I'll concede that it is less of an issue on anything faster than 1Ghz and that the video driver will certainly affect your perception of speed on the GUI side of things but if performance is a concern, you're better off with other distros such as Slackware or Debian proper.

But hey - I am getting used to it already: go ahead and tell me that there is something wrong with my setup and that Ubuntu is most likely the fastest distro on the planet (and the best that there is, while we're at it!) ;)

Reply Score: 2

RE[2]: 2000
by renox on Fri 25th Apr 2008 07:29 UTC in reply to "RE: 2000"
renox Member since:
2005-07-06

Swiftly compared to what?
[cut]
Something is fundamentally damaged within the X, GTK or whatever code or design that slows Linux computers down tremendously (for GUI work).

Uh?
Why should it be the lower level library?

Me I tend to think that it's caused by lack of multithreading, but this isn't a lower level library issue more an application design issue..

[ I'm running Linux at work, Windows XP at home, *both* sucks in responsiveness compared to what BeOS provided quite a few years ago ]

Reply Score: 2

RE[2]: 2000
by karl on Sat 26th Apr 2008 12:19 UTC in reply to "RE: 2000"
karl Member since:
2005-07-06

You, my friend, ran into a rather serious bug in GNOME System Monitor-and btw it has already been fixed.

http://bugzilla.gnome.org/show_bug.cgi?id=507797

The guys working on that software decided to make some really nice snazzy graphics for displaying system information-unfortunately these graphics brought most machines to their knees.

This has now been fixed,probably not perfect yet-but significantly less CPU usage, and most distros should be offering an update.

It still sucks that when programmers use the prefered API's to make nice graphics, that these API's are only as good as the driver support. In this case cairo was used to create the snazzy graphics and cairo uses RENDER, which unfortunately is not very well supported by many graphics card drivers...

But this bug, at least, has been redressed.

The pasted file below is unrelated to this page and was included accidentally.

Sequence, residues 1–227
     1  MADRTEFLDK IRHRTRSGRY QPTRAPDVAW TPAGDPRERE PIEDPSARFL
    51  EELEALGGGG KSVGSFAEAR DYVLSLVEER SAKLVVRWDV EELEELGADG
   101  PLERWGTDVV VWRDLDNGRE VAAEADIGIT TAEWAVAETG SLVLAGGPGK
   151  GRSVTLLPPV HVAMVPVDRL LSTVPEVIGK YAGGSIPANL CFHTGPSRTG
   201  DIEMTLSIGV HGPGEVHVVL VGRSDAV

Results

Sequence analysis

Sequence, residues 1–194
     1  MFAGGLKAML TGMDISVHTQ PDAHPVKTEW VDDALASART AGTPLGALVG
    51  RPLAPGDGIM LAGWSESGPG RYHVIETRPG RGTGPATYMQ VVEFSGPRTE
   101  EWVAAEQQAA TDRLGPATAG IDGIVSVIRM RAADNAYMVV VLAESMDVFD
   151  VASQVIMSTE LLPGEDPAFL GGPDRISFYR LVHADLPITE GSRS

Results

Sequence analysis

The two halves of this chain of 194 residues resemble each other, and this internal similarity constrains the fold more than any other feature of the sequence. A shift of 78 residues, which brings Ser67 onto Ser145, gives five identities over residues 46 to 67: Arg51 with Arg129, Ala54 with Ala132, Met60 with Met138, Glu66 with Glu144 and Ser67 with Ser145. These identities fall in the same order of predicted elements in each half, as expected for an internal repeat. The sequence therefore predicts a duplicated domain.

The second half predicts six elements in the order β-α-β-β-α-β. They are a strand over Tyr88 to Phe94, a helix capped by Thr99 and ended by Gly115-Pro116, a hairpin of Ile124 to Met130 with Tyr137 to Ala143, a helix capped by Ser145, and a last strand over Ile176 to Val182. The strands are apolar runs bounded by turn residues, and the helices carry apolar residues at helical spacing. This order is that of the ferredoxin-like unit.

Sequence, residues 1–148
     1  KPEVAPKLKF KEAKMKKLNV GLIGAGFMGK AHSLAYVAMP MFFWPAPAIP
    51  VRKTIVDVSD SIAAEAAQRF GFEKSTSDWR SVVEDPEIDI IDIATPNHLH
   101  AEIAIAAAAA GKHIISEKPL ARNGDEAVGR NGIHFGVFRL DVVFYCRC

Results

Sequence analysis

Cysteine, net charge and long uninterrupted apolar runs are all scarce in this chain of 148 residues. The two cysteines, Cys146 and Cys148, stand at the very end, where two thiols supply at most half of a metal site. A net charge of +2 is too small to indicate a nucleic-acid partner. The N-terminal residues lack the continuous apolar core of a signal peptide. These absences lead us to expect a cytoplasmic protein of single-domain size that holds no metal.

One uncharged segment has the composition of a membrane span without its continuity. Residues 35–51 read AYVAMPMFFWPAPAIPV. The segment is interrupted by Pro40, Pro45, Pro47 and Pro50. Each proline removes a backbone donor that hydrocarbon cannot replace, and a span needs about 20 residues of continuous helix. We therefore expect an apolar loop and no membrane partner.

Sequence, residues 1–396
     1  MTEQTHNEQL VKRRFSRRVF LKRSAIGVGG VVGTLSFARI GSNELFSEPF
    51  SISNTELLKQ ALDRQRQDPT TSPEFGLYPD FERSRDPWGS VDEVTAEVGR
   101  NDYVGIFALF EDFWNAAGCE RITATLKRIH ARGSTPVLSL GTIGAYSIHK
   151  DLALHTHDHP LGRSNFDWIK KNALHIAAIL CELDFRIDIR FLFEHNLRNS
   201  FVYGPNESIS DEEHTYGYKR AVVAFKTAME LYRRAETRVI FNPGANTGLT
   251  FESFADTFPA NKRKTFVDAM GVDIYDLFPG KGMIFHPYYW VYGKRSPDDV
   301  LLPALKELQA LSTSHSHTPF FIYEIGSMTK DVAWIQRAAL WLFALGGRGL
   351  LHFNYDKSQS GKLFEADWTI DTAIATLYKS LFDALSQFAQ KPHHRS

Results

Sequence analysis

Reply Score: 1

RE[3]: 2000
by WereCatf on Sat 26th Apr 2008 12:40 UTC in reply to "RE[2]: 2000"
WereCatf Member since:
2006-02-15

In this case cairo was used to create the snazzy graphics and cairo uses RENDER,

That is one of the things I don't quite understand. OpenGL is REALLY well supported under Linux, it is a lot faster than RENDER and Cairo does support it via glitz...But still no one uses it. Why? It should be quite trivial to make f.ex. a control center applet that checks if OpenGL is enabled and allows you to test if Cairo with glitz works properly and then sets a gconf setting that globally enables or disables that. Would provide a nice performance boost..

Reply Score: 2

Eet ?
by rockmen1 on Fri 25th Apr 2008 03:12 UTC
rockmen1
Member since:
2006-02-04

The description remind me of one of the KDE4 feature paln long time ago. There was a plan that integrate small configuration files into one big one to improve performance. Can KDE developper use Eet to archive this?

Reply Score: 1

RE: Eet ?
by stestagg on Fri 25th Apr 2008 08:47 UTC in reply to "Eet ?"
stestagg Member since:
2006-06-03

It's called a registry, and experience says it's generally a bad idea.

Reply Score: 5

They always had the best name of all WMs...
by zima on Fri 25th Apr 2008 11:29 UTC
zima
Member since:
2005-07-06

At least that was my impression when I first heard about it ~10 years ago. "Enlightenment", not only nice looking/etc., also the name has "deep meaning" or something ;)

Too bad I'm not sure why I'd use it today...perhaps on OLPC XO-like machine, instead of XFce? But it would have to be faster (is it?) - somehow I doubt it's on par with XFce feature-wise, and if I'd settle on using something more minimalistic, I might as well go with _really_ light WMs...

Reply Score: 1